Friday, April 22, 2016

Pablo Picasso's Transition from the Blue Period to the Rose Period

Blue, Rose, Surrealism, African, Cubism.  Pablo Picasso is known for moving through a variety of artistic periods as he experimented with different styles and techniques.  Picasso’s earlier periods, specifically the Blue and Rose Periods, were driven by his dramatic, emotional responses to people and events in his life.  The Blue Period is characterized by somber moods and blue tonalities; often described as “melancholy,” this period reflects Picasso’s days of depression.  He painted the outcasts of society—beggars, prostitutes, and the lowly[1].  After meeting Fernande Olivier, Picasso’s mood lightened as the two started a romantic relationship.  Thus began the Rose Period; Picasso’s art became more lighthearted in content and brighter in color.  He grew fascinated in painting saltimbanques and other performers in groups.
Contemporaries of Picasso viewed the Blue and Rose Periods as one, unified period.[2]   While they saw no need to distinguish the two periods in the early 20th century, today art scholars agree on a distinction between Blue and Rose artwork.  This begs the question, which painting marks the end of the Blue Period?  Which can be called the first of the Rose?  Instead of looking for a definitive switch from Blue to Rose, viewers should consider The Actor of late 1904-early 1905 as the transitional piece connecting the two periods.  The Actor cannot be clearly categorized in either the Blue or Rose Period; instead, it displays qualities of both, making the transition between the two periods a gradual one.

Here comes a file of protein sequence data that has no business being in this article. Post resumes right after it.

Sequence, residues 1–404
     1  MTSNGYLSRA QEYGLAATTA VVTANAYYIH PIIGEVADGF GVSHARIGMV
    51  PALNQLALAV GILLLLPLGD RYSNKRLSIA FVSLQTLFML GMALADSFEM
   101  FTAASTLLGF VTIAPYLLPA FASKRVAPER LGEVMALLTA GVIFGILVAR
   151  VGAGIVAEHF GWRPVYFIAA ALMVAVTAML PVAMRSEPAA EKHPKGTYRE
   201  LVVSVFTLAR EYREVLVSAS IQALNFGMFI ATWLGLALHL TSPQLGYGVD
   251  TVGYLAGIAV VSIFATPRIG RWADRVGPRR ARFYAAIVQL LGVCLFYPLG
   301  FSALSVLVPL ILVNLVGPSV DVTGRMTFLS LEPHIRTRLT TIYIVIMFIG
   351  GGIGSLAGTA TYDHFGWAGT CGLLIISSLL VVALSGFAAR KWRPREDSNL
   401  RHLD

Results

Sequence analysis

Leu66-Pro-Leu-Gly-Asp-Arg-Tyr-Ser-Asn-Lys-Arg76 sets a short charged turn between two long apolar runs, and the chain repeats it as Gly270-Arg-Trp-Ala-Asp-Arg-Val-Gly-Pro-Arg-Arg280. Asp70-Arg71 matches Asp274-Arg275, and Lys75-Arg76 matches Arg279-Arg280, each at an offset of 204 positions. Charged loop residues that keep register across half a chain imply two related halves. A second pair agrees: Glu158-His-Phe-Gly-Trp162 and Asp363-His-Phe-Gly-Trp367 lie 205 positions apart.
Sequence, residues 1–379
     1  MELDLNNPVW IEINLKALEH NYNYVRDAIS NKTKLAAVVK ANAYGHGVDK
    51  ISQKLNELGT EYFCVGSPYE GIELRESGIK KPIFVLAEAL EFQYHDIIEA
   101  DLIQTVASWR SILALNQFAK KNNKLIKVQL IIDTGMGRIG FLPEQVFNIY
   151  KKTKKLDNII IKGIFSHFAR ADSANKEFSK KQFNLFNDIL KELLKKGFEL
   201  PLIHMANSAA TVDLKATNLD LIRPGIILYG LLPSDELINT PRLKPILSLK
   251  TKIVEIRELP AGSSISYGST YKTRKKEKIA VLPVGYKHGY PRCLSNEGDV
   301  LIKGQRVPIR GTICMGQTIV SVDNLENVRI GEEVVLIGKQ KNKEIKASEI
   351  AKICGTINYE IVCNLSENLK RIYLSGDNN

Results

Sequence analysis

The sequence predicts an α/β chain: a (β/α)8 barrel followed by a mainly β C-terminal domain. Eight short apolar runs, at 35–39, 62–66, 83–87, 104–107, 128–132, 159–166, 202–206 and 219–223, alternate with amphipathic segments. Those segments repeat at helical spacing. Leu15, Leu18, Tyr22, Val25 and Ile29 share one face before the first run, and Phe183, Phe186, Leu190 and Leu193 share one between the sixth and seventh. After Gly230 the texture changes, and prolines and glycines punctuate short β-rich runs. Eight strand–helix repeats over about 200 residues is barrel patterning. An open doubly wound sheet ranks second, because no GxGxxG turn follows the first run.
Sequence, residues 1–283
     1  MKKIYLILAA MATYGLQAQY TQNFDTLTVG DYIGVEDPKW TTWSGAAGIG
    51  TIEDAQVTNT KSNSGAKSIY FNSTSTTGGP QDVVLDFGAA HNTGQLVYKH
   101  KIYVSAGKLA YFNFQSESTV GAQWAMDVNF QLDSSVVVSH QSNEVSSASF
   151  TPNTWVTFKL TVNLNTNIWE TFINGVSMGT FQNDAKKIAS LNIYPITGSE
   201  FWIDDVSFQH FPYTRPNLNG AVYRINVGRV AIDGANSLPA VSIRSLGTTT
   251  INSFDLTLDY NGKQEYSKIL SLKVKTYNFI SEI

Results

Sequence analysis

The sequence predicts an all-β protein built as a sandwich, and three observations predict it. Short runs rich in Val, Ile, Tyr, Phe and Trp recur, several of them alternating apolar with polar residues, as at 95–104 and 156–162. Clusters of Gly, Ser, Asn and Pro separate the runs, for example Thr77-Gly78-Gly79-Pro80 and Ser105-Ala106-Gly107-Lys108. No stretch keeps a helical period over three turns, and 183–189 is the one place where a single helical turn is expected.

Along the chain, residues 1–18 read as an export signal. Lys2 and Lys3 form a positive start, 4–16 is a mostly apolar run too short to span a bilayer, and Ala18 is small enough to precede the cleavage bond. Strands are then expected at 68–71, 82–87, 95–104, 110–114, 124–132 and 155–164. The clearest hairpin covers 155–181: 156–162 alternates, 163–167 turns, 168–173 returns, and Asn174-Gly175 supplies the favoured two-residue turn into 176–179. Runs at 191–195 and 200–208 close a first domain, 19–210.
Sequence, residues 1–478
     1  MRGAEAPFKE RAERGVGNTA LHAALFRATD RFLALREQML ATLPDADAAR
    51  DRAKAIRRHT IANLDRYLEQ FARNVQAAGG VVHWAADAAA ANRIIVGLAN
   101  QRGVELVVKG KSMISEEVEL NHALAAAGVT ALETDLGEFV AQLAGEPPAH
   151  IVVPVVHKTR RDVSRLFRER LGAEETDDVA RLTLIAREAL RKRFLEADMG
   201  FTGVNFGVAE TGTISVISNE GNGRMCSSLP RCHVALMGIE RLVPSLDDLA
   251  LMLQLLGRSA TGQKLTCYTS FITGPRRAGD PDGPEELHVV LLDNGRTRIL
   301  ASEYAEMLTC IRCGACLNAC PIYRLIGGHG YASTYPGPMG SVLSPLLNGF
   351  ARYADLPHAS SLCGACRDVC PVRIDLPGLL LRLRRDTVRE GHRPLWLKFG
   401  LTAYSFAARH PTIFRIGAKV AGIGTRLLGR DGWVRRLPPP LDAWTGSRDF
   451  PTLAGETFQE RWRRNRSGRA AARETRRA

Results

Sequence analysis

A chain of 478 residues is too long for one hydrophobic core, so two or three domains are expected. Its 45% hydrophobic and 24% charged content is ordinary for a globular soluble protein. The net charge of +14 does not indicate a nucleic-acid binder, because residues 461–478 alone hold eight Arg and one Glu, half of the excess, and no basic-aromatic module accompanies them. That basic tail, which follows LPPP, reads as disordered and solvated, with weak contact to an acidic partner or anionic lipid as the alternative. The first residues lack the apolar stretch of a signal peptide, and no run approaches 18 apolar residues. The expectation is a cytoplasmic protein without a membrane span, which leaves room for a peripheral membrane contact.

1. Blum, Harold P., and Elsa J. Blum. “On the Art.” The American Journal of Psychoanalysis 67, no. 2 (June 2007): 181-96. Accessed March 17, 2016. doi: 10.1057/palgrave.ajp.3350023.

2. Carsten-Peter Warncke. Picasso: 1881-1973. Koln: Taschen, 2006. 111.

Pablo Picasso; The Blind Man’s Meal; 1903; oil on canvas; 37 ½ in. x 37 ¼ in.; Accession Number: 50.188.
The Blind Man’s Meal is a typical painting from Picasso’s Blue Period.  Not only is the man blind, but his clothes and meager meal suggest his poverty.  Like most Blue Period figures, the man is completely alone; his curved posture indicates that he bears a heavy burden and his gauntness evokes pity from viewers.  The blues are dark and have a sobering effect on viewers.  Even the colors of the painting relate despair.  The dreariness of The Blind Man’s Meal forces viewers to take part in the blind man’s hopelessness.

Pablo Picasso; Le Vieux Guitariste Aveugle (The Old Guitarist); 1903-1904; oil on panel; 48 x 33 in.; The Helen Birch Bartlett Memorial Collection, The Art Institute of Chicago.
Source: Online Picasso Project

            Another from the Blue Period, The Old Guitarist also portrays a somber figure evoking pity from viewers.  Known through the title and his white hair, the fact that the man is old adds an element of despair and hopelessness to his situation, as if he is fated to continue on in lonely poverty.  Like in The Blind Man’s Meal, the figure’s posture curves downward, implying that he carries a heavy emotional burden.  Typical of the Blue Period, the tonality of the painting is a melancholy blue.  Interestingly, Picasso creates contrast in the color of the guitar.  This contrast reflects the irony that a guitar, which is often associated with merry entertainment, is used in a hopeless beggar’s performance.  Picasso finishes this painting the same year he began his transitional piece The Actor.
Pablo Picasso; The Actor; 1904-1905; oil on canvas; 77 ¼ x 45 3/8 in.; Accession Number: 52.175.